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8 Tips for Running Experiments During Peak Traffic


Split - Running-Experiments-During-Peak-Traffic

Peak traffic refers to a temporary period of time during which a website or application sees higher volumes of traffic than the remainder of the year. This is often associated with holiday shopping, seasonal sales, annual enrollment periods, or a big event, like Taylor Swift “breaking the internet” with her concert sales.

Why Run Experiments During Peak Traffic?

Possible short-term loss from learnings could lead to big wins in the long run. Hesitancy with testing is often due to perceived financial risk or operational risk. But refusing to test means you could miss out on a prime time for quick test completion, which could result in actually losing money.

The benefits of running experiments during peak traffic are many. It allows you to analyze unique customer behaviors, optimize faster due to increased sample size, apply more granular targeting, and maintain the momentum of your experimentation program. High-traffic tests also allow engineering teams to detect issues under high load.

Still, several considerations come into play. For instance, demographics and needs of users may be different during peak vs. non-peak periods. Also, you don’t want to apply learnings year-round casually. For instance, user behavior may be different during peak periods due to:

  • Higher sense of internal urgency
  • Competing factors (e.g., shipping speed vs. product savings)
  • A different traffic mix or ad spend

How to Execute

Risk and opportunity are two sides of the same coin. However, A/B testing can tip the scale by reducing risk while exploring opportunities.

Here are 8 tips for running experiments during peak traffic:

1. Prioritize Evidence-Based Hypotheses

Eliminate wasteful testing.

  • Focus on relevant problems to surface the most promising ideas.
  • Make more accurate predictions about how users will respond to changes. After all, big wins during peak traffic can help sell the benefits of testing to the rest of the organization.
  • Classify ideas into two categories to optimize your future decision-making process: hypotheses that likely only apply during the peak period vs. hypotheses that may apply during peak and non-peak periods
  • Avoid spending time on changes that are unlikely to have a significant impact.

2. Consider the Fogg Behavior Model

Ensure appropriate motivation, ability, and prompts exist.

  • Align these three elements at the same moment to produce a target action (e.g., conversion).
  • Focus more on emphasizing core user motivations during peak traffic—less on usability—since users are highly motivated during these periods (e.g., fast shipping to arrive in time for a holiday).
  • Use qualitative research to understand what drives user decisions.
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3. Set Up a Gradual Rollout

Minimize your blast radius.

  • Analyze anticipated traffic volume based on historical data and trends.
  • Determine the percentage of traffic you are comfortable running experiments with at launch.
  • Limit user bucketing when running experiments by using a traffic allocation tool.

4. Apply Targeting and Exclusions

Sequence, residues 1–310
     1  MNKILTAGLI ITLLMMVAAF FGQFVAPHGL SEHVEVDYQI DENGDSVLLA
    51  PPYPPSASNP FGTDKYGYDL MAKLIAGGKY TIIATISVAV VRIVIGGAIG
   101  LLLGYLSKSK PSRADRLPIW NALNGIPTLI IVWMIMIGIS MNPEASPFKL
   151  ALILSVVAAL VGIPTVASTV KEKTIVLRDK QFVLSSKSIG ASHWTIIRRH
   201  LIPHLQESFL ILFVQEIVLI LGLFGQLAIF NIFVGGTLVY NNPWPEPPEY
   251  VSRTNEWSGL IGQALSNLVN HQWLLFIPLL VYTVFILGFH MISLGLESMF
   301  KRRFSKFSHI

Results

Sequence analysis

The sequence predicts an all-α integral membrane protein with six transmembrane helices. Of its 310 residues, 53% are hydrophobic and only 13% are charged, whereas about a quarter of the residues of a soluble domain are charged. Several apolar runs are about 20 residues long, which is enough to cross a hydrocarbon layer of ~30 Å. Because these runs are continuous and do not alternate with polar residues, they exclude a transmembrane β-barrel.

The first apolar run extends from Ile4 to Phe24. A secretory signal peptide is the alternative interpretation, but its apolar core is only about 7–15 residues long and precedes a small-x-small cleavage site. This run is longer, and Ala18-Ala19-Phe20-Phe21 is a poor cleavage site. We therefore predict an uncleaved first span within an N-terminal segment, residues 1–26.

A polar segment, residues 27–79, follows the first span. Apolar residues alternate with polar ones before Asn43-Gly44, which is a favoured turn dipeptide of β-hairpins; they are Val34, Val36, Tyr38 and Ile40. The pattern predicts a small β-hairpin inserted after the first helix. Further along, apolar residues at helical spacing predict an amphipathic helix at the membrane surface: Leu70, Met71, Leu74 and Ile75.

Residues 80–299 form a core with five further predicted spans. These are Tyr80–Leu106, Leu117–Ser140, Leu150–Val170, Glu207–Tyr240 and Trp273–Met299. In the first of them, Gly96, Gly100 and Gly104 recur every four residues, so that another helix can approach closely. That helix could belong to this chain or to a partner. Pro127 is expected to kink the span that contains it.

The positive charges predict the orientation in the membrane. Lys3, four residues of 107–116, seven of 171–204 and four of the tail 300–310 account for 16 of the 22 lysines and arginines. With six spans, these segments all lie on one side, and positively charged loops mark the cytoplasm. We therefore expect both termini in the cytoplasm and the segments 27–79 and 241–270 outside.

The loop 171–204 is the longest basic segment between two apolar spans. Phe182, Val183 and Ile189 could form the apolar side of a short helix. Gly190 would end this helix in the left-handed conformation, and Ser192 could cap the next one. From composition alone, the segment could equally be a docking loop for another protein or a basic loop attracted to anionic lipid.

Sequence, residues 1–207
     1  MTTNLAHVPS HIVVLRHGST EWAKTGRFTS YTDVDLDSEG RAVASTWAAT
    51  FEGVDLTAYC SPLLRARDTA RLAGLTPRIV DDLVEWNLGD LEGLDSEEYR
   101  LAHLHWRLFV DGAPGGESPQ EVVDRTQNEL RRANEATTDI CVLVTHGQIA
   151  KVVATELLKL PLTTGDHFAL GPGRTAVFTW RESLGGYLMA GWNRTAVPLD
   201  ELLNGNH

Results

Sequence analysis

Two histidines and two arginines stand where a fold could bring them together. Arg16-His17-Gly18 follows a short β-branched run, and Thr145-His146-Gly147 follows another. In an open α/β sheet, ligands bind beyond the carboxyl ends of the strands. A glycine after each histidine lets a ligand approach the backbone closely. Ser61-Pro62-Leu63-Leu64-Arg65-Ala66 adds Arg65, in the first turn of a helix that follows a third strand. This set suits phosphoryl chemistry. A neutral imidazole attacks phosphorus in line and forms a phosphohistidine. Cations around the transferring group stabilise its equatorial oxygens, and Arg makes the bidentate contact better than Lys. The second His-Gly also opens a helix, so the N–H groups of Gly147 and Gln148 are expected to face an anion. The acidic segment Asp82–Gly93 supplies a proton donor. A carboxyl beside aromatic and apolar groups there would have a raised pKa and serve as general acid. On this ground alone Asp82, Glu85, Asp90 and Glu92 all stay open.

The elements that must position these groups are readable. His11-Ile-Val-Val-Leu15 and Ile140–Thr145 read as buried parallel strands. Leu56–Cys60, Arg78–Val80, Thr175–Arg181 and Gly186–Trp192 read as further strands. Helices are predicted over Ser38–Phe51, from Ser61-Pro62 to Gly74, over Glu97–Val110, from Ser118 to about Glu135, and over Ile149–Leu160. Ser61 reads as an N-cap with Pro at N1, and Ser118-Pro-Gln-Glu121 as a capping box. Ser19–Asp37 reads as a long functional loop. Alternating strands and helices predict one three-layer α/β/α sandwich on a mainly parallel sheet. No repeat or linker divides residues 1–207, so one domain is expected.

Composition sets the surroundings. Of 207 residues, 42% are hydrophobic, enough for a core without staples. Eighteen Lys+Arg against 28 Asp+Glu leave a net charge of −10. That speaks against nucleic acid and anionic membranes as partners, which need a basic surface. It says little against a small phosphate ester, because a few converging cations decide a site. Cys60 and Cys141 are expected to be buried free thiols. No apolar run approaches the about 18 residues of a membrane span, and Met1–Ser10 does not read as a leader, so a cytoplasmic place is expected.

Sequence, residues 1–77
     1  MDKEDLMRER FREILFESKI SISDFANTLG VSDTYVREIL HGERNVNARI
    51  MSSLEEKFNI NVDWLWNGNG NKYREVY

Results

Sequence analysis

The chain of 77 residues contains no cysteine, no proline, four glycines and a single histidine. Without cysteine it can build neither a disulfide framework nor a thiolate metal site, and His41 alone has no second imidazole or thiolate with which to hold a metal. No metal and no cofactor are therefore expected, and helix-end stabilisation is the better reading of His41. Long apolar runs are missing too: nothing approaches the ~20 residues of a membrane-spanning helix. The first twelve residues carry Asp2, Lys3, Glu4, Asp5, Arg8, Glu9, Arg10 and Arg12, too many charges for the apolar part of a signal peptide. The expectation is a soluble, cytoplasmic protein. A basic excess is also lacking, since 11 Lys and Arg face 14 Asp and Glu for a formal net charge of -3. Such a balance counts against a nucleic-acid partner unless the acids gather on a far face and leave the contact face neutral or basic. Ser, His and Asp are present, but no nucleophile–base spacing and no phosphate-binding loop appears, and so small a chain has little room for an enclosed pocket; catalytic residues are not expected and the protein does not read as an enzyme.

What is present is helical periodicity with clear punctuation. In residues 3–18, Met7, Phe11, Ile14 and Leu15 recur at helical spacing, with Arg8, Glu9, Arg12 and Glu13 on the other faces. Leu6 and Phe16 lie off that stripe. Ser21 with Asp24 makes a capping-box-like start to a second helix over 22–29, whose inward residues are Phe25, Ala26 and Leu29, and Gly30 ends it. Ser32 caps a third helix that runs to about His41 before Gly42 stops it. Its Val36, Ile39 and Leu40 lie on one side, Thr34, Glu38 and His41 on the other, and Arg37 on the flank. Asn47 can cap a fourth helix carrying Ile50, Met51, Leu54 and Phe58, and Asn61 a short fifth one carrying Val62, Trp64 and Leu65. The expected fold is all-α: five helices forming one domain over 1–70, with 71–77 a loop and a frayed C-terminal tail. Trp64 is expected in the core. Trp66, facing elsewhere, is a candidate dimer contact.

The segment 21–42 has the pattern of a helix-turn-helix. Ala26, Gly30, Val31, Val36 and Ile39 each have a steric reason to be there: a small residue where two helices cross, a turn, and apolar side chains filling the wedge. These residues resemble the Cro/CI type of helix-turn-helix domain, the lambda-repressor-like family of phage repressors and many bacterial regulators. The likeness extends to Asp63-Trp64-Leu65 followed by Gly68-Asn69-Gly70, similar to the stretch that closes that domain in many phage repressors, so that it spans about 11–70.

Manage test exposure and personalization.

  • Exclude high-value users via targeting rules if risk is a concern.
  • Consider personalization needs based on demographics, geolocation, language, device type, and other attributes.
  • Avoid targeting that is too granular: There is a need to maintain some randomization for statistical rigor.

5. Collaborate Across the Organization

Ensure all teams are in sync with the experiment.

  • Align on business goals: Results should be relevant to the overall success of the company.
  • Conduct a thorough risk assessment, as different teams bring different perspectives.
  • Maintain clear communication and coordination between teams during the rollout (e.g., engineering, product, marketing, customer support, etc.).
  • Avoid conflicting experiments

6. Create a Launch Strategy

Answer the questions “who?,” “what?,” and “when?”

  • What are the launch roles and actions, including a potential rollback plan?
  • When does each action need to occur?
  • Who will perform them?
  • What tool(s) will be used?
  • What are the conditions that will trigger a rollback?
  • Who needs to be informed about any changes?

7. Monitor Results Closely

Utilize alerts to configure degradation thresholds for your key metrics.

  • Agree on the key metric(s) when designing the experiment.
  • Set up automated alerts for these metrics (and others, where applicable) to monitor performance instabilities beyond a designated level.
  • Gradually roll out the experiment: Don’t look for statistical significance while ramping; just monitor for red flags.
  • Use graphs and data tables to look for potential outliers.

8. Retest During Non-Peak Period

Determine whether hypotheses apply outside of peak periods.

  • Decide which experiments may also apply during regular business periods.
  • Monitor the experiment using the same key metrics.
  • Pay close attention to any differences between the results obtained during peak periods and non-peak periods.
  • Formulate new hypotheses for non-peak periods based on the conclusions drawn.

With these steps, you can successfully run experiments, even when your site is selling hotcakes like…hotcakes. By instilling a culture of collaboration, monitoring, and strategy, peak traffic won’t stand in the way of great tests.

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